Most people through their food-waste away, but that rule does not apply to Scottish fashion designer Lexi Young. Growing up on a desolate island with a popular ion of a mere 160, she has always been forced to think more innovative to achieve her goals and dreams. So that she chose to work with homemade fruit leather should come as no surprise. With her ‘Structured Motion’ collection she mirrors modern architecture in her sculptural designs, following a gender-neutral and sustainable approach. Read on to find out how the Global Young Talent as seen in Harper’s Bazaar June makes her own leather in the comfort of her own kitchen.

Has your upbringing influenced the way you view the design and how you go about your design process?

I definitely feel like growing up on a small Hebridean Island has influenced the way I view the design and my design process. As a child, fashion was a sort of unknown, magical thing because I only ever saw it on TV. Although passionate about it from a young age, I was never exposed to real-life fashion, so I started creating my own by drawing, patterned paper and my mum helped me sew my first dress at 10 years old. Because of how I grew up, I am so easily inspired by my surroundings; nature, architecture, culture.
 
Your recent collection, “Structured Motion”, consists of contemporary abstract work, what inspired you to design this collection?


I was inspired by modern architecture, specifically the Tianjin Library that is formed like an eye. I thought it was so interesting looking at modern architecture with layers, ripples, and curves, as it looks like it flows naturally, although it is manmade. This is where the name ‘Structured Motion’ came from because it is something robust and solid, that mimics movement and flow. A lot of pleats were featured in this collection, which reflects the idea of manmade motion as I would sew them down to a certain point then see how the fabric organically flows. I made this collection all white and concrete colours to resemble this sleek architecture but also so that your sole focus is on the movement of the fabric, rather than the surface decoration.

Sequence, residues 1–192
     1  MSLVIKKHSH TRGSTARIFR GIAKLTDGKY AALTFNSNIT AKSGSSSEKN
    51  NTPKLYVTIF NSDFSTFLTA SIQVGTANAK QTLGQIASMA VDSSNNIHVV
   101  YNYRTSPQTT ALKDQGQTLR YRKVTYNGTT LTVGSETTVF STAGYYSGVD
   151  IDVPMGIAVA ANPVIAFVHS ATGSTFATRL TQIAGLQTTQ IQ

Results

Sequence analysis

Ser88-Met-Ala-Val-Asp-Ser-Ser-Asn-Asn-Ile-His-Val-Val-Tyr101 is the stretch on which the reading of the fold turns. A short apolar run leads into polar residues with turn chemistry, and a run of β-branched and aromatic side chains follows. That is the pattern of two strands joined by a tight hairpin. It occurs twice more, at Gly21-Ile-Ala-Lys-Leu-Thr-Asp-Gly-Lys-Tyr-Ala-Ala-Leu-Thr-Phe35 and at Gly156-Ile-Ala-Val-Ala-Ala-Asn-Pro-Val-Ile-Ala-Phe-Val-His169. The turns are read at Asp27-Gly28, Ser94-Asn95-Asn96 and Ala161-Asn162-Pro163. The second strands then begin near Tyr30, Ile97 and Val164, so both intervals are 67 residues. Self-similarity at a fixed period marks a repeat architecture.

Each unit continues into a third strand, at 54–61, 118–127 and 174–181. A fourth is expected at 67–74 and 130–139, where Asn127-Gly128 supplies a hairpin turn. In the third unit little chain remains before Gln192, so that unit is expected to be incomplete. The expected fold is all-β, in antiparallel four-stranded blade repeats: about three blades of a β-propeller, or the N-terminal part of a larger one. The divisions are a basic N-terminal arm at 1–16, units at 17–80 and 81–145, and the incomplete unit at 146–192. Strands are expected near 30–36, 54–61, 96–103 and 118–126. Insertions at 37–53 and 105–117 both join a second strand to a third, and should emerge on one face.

Your collection is made mostly from bamboo; do you always consider sustainable options when designing?

I think sustainability is immensely important in the current climate. As a student, it can be so difficult to remain environmentally conscious because sustainable fabrics usually cost more. When finding fabrics for my new collections, I always search for recycled first and there are a lot of results and it is a lot easier to buy recycled fabrics than it used to be. In my collection I am currently designing, I am using homemade fruit leather. I make this using plumbs, blending them, adding food colouring and dehydrating them in the oven. I have been working only in black so far, but I am amazed at the outcome. It looks just like leather with a shiny texture but can be hard to sew in the sewing machine, so I have come up with new attachment methods. I believe this could be developed to a professional standard and produced as a new, sustainable, fabric.
 

“ When finding fabrics for my new collections, I always search for recycled first and there are a lot of results and it is a lot easier to buy recycled fabrics than it used to be. In my collection I am currently designing, I am using homemade fruit leather. ”

 
 

 
You’ve tailored your designs to be unisex, do you think gender neutral clothing is the way of the future?


I don’t think clothes should ever be made for one gender only. ‘Structured Motion’ is a very abstract collection and I made it unisex because I was considering the garments as futuristic, staple pieces, and to be futuristic, it can’t be labelled a specific gender because I believe the future may not have gender. I think of fashion as an artform, and like gender, there should be no boundaries or labels with art.
 
 

 
When designing, who do you in vision wearing your work?

I believe that once I have left University and had time to explore my design aesthetic without being constricted to a brief I will be able to answer this question more easily. However, at this point, when I think about who I picture wearing my designs, it is young people who appreciate minimalism and androgyny. They are open-minded and advocate for change. They wear what makes them happy and are ready for the future of a new sustainable, technological planet.

“ However, at this point, when I think about who I picture wearing my designs, it is young people who appreciate minimalism and androgyny. They are open-minded and advocate for change.”


Discover Lexi Young's full collection




Words by Lupe Baeyens
 
 
 
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